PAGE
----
The basic premise of this book comes from a hard-to-believe piece of history they don't talk about these days in Seattle. At the World's Fair in 1909, the State of Washington raffled off a baby as a prize. A BABY. And, it's not clear what happened to that child afterwards. Ford's story picks up that premise and turns it into a grown man named Ernest, decades later. 

In Ford's book, a series of tragic events bring a young Chinese boy to America at the turn of the century. He ends up a ward of the state, longing for a family to call his own. To his own surprise, he finds himself on a marble staircase at the Alaska-Yukon-Pacific Expo, where everyone is waiting to see who wins the coveted prize. Ernest realizes he is the prize - and, that the winning ticket belongs to the madam of Seattle's most notorious brothel.

(Yes, loyal follower of this blog, this is the second consecutive book I've read about a brothel. Don't look too deep into that, okay?)

Ernest quickly learns that being the house boy at a brothel isn't exactly the idyllic childhood he imagined; just as quickly, he realizes the women there are more family than he every could have known. And, he finds himself learning over and over that true happiness in life both comes at a price - and cannot be bought.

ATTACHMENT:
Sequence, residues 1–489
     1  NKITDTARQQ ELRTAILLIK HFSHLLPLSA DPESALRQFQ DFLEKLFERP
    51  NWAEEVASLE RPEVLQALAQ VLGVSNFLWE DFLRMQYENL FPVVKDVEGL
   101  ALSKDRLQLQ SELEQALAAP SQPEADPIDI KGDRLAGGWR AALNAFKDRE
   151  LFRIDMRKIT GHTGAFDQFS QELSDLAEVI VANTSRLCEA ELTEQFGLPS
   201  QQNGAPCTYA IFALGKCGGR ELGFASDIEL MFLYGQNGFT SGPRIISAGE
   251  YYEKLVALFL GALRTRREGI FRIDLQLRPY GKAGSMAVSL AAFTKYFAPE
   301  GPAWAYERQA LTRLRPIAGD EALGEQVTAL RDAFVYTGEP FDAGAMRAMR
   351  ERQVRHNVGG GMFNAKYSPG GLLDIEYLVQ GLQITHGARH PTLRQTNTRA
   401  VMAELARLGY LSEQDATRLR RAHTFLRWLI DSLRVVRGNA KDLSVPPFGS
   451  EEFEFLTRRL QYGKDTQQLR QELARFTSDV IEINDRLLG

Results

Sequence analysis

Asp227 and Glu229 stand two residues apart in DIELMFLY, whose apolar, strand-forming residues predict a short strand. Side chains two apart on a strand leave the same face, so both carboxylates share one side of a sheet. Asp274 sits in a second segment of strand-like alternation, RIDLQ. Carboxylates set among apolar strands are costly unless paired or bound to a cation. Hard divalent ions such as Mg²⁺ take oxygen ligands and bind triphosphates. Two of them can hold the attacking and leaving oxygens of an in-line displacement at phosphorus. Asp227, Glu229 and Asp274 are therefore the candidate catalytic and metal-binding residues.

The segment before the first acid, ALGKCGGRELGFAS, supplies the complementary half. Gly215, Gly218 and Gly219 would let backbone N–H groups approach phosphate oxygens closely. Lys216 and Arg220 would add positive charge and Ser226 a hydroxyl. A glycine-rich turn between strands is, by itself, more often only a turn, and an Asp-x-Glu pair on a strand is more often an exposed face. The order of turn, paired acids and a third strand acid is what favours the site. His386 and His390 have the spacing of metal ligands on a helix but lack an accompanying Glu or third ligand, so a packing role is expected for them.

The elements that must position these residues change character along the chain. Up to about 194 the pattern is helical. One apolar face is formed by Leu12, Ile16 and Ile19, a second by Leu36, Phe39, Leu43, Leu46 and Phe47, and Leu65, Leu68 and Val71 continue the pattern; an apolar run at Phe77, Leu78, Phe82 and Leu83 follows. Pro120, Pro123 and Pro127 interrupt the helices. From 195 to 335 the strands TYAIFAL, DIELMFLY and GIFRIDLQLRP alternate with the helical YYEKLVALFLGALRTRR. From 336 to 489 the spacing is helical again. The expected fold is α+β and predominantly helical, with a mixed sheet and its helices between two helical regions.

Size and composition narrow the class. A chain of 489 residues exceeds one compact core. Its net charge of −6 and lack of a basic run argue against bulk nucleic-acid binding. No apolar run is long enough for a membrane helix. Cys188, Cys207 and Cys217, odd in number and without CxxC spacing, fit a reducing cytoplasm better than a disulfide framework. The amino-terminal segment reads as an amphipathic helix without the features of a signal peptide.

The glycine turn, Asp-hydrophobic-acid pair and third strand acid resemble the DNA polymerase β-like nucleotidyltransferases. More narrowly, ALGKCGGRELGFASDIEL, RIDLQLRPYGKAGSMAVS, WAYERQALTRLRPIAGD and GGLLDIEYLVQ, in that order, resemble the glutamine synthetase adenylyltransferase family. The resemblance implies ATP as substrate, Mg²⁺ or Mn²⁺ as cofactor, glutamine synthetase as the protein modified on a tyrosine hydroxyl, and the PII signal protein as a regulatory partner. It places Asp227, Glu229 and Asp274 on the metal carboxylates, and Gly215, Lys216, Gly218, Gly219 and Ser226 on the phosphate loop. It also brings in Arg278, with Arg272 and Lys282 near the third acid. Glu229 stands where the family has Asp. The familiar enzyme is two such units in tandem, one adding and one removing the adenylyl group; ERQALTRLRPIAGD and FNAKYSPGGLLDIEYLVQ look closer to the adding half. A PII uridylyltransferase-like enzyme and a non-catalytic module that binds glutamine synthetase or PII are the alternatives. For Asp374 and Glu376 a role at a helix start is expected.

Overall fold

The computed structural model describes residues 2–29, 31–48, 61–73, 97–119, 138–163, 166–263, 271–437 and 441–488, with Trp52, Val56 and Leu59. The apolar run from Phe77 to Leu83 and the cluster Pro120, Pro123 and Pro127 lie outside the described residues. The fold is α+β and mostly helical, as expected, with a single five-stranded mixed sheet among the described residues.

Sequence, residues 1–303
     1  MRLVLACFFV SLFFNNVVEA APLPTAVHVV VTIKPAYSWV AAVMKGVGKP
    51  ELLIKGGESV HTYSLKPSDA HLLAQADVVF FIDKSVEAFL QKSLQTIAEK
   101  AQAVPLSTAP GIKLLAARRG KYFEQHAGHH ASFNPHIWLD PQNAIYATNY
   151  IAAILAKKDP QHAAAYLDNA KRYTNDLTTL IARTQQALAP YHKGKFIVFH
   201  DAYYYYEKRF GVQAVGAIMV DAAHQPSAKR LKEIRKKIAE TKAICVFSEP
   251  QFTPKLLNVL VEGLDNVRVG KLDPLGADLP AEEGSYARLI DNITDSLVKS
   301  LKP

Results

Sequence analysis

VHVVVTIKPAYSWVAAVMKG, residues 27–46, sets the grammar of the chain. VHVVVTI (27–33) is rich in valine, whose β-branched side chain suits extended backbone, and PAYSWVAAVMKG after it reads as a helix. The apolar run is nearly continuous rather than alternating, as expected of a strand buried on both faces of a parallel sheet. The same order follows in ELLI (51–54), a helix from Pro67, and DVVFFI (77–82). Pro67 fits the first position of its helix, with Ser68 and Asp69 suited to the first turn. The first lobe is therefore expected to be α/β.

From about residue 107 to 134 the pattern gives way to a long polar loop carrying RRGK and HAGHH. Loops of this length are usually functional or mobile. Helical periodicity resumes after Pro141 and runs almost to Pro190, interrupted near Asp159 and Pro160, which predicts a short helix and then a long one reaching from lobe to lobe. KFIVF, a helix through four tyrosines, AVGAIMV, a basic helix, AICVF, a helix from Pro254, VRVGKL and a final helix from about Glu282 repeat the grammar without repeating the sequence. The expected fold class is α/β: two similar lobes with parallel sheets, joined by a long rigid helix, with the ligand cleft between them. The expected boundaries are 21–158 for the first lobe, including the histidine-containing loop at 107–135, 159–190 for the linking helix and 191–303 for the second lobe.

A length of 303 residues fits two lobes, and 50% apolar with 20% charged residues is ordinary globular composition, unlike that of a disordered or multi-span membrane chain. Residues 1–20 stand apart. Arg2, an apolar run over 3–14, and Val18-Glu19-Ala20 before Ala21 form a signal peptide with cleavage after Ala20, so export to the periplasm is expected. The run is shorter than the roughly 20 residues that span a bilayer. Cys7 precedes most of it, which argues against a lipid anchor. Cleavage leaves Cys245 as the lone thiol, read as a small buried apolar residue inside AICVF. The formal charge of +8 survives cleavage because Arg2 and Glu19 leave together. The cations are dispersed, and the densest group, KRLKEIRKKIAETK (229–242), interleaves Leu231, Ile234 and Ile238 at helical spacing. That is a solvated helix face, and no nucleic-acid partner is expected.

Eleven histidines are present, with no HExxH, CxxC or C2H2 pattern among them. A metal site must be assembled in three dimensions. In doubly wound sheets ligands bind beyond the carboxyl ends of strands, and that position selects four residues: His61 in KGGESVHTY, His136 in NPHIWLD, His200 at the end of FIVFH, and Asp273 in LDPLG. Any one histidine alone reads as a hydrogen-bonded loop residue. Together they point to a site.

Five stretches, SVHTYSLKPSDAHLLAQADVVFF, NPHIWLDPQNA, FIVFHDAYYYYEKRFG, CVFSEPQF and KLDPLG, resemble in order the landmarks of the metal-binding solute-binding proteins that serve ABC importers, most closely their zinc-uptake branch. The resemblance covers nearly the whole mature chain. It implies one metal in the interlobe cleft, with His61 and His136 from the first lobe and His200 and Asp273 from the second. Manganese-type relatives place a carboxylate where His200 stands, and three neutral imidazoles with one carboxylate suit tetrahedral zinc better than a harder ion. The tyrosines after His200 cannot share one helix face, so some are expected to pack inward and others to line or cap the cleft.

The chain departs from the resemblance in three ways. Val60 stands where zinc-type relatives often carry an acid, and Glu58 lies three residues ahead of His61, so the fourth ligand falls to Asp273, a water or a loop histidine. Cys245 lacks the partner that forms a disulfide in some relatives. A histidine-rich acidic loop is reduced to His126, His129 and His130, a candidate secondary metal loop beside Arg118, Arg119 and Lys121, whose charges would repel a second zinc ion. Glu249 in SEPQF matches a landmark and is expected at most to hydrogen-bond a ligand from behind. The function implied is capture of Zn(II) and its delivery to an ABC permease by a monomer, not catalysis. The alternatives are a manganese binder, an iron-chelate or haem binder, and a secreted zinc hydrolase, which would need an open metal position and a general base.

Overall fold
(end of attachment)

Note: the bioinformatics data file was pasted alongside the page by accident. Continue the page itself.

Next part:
Ford's story alternates between young Ernest's life in 1909, when Seattle was buzzing with the excitement of that first world's fair, and his life decades later in 1962, when a new world's fair was about to open. His daughter's work as a journalist cracks open the secrets he's hidden from them for so long. Through that compelling narrative structure and Ford's beautiful prose, you find your heart aching for Ernest and the women of the Tenderloin.

You watch Ernest form deep, intimate relationships with two girls in the brothel. He - and, they - are struggling to understand what matters more: love or freedom. And, you find yourself hoping right up until the very last line that they're all somehow able to find both.

I raced through this book and found myself worrying about the characters. I read the last line, then closed the book and cried. I cried because the emotions were so raw. I cried because it was over. I cried because I wished deeply for the well-being of people who don't actually exist. That's how good this book is - how good Jamie Ford is - and how I wish I could start again and feel it all from the beginning.

Pre-order this book, Do it now so that you won't forget. September you will thank you so much for how smart you are right now.